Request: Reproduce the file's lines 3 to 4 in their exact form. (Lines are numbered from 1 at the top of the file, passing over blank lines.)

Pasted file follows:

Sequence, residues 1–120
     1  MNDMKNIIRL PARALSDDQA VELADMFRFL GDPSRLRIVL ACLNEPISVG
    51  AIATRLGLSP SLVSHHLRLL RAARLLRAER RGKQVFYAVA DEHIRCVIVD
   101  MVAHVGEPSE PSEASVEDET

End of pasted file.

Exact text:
    51  AIATRLGLSP SLVSHHLRLL RAARLLRAER RGKQVFYAVA DEHIRCVIVD
   101  MVAHVGEPSE PSEASVEDET